The Cardno Limited (ASX: CDD) share price has crashed down 45.7% in early trading to $1.64, after resuming trading following a capital raising.
The consulting and environmental services company raised $50 million from its institutional rights offer, and is now offering retail investors the chance to buy additional shares at a price of just 1.00, which is expected to raise another $28 million.
Shareholders can buy 1 new share for each 2.175 shares they currently hold, but the offer is non-renounceable, so if they choose not to cough up more capital, their existing holding will be heavily diluted. Non-renounceable means shareholders don’t have the option of selling their rights on market like they would if the offer was renounceable.
The rights issue is being conducted to reduce net debt. At the end of June 2015, Cardno had $396 million of borrowings and $85 million in cash. The rights issue, combined with the sale of the Cardno ATC division will result in the company having cash of $231 million, and I expect that will be used to pay down the debt.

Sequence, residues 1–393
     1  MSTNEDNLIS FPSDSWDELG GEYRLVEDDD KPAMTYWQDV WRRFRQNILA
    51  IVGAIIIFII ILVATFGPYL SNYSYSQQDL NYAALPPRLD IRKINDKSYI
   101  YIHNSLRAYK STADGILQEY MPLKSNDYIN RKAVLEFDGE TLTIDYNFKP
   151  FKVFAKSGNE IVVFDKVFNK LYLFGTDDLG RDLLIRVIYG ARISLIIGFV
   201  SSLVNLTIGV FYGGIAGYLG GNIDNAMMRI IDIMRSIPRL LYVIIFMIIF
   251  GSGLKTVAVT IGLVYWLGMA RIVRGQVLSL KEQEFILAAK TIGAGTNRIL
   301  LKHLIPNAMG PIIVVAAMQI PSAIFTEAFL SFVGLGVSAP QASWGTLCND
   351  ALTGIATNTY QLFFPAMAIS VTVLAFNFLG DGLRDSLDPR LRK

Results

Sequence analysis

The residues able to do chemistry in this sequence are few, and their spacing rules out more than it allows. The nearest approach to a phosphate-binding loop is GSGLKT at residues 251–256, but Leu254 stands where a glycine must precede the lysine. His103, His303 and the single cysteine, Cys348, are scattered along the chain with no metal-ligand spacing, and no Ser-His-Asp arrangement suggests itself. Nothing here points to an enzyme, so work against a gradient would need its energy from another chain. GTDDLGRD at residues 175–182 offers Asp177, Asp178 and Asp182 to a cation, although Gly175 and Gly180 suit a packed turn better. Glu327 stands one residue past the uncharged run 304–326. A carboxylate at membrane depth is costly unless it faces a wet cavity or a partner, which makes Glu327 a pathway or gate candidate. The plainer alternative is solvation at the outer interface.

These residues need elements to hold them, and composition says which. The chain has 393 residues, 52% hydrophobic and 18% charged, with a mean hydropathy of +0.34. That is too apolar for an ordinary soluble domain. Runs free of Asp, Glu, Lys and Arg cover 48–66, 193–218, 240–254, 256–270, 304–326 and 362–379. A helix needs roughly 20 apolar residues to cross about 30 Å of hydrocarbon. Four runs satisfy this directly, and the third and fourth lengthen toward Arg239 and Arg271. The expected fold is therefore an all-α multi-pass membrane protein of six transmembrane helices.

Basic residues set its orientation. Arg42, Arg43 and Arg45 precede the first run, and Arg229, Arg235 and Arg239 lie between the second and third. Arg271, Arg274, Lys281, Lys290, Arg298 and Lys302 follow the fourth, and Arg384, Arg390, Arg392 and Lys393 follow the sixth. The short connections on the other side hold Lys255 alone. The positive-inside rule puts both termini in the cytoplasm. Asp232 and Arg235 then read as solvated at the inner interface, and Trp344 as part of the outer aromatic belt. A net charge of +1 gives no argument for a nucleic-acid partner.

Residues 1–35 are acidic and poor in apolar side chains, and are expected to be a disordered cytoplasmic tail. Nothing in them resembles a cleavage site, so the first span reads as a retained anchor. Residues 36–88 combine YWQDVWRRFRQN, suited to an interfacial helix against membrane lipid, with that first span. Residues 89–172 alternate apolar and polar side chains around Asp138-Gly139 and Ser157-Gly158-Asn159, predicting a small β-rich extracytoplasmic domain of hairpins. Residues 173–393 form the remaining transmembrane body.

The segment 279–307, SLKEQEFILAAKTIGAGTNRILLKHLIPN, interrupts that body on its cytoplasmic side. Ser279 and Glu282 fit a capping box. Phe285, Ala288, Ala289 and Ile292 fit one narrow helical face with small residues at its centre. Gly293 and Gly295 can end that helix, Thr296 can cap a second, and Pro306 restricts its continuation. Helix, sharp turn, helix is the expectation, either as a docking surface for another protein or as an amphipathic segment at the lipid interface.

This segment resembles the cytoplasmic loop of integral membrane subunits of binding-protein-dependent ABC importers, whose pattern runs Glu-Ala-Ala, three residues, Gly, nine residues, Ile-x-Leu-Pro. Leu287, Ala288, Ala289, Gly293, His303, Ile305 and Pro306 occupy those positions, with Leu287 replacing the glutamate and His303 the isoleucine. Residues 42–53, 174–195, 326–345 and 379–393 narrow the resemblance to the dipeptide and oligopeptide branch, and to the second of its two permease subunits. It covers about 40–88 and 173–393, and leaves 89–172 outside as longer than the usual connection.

The big fall in share price today is due to the huge discount price ($1.00) existing shareholders can buy shares at – well below the $3.02 Cardno’s share price closed at before it went into a trading halt and the capital raising.
Where to from here?
Cardno says it expects to see earnings before interest, tax, depreciation and amortisation (EBITDA) of between $65 and $70 million for the full year 2016, including a number of one-off expenses.
The company’s America’s division is struggling, particularly in oil and gas, mining and Latin American businesses, and that is driving the company’s group results. That’s unlikely to improve anytime soon.
Cardno looks likely to get taken over at some stage with private equity firm Crescent Capital expected to hold 40% or more of the company post the capital raising. With tough times set to continue, investors might want to steer clear.
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Motley Fool writer/analyst Mike King doesn't own shares in any companies mentioned. You can follow Mike on Twitter @TMFKinga
Unless otherwise noted, the author does not have a position in any stocks mentioned by the author in the comments below. The Motley Fool Australia has no position in any of the stocks mentioned. We Fools may not all hold the same opinions, but we all believe that considering a diverse range of insights makes us better investors. The Motley Fool has a disclosure policy. This article contains general investment advice only (under AFSL 400691). Authorised by Bruce Jackson.
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